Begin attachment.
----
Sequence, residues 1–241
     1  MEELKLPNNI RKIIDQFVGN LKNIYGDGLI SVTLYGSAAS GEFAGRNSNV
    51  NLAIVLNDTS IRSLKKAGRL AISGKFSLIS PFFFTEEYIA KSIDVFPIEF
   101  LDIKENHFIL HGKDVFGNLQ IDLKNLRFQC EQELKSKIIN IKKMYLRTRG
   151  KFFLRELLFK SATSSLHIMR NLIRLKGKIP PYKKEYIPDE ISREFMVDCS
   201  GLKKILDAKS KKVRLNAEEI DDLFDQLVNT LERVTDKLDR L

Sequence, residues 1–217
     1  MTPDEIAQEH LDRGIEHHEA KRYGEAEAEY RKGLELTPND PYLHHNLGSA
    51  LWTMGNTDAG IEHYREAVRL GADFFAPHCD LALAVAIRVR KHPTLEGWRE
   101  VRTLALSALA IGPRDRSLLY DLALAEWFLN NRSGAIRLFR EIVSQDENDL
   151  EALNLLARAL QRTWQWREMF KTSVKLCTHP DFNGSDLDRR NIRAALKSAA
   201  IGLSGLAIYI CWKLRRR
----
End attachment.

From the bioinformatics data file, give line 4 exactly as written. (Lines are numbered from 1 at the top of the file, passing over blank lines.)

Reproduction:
   101  LDIKENHFIL HGKDVFGNLQ IDLKNLRFQC EQELKSKIIN IKKMYLRTRG